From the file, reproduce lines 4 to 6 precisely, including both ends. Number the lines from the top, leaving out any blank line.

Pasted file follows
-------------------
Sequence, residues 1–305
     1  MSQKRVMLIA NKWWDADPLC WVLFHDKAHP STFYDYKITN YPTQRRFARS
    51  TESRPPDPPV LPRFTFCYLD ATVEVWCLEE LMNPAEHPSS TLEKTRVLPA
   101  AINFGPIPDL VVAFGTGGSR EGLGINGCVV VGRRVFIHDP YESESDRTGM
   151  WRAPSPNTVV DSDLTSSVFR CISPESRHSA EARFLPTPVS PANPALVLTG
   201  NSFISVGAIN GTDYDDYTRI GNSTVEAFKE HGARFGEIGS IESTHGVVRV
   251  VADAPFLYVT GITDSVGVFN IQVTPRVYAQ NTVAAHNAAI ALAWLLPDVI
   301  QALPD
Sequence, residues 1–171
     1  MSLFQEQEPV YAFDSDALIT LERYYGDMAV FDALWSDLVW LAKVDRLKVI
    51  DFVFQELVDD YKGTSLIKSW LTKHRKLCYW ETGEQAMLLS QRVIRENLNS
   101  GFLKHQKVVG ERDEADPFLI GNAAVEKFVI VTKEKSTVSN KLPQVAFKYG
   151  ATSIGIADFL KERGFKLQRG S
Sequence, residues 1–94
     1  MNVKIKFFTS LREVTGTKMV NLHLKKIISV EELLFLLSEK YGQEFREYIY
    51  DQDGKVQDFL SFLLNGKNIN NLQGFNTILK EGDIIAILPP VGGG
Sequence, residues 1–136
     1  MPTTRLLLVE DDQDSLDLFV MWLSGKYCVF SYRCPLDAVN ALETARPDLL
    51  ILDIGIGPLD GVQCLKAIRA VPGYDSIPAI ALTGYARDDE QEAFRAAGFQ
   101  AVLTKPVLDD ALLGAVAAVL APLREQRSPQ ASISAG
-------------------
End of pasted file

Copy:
   101  AINFGPIPDL VVAFGTGGSR EGLGINGCVV VGRRVFIHDP YESESDRTGM
   151  WRAPSPNTVV DSDLTSSVFR CISPESRHSA EARFLPTPVS PANPALVLTG
   201  NSFISVGAIN GTDYDDYTRI GNSTVEAFKE HGARFGEIGS IESTHGVVRV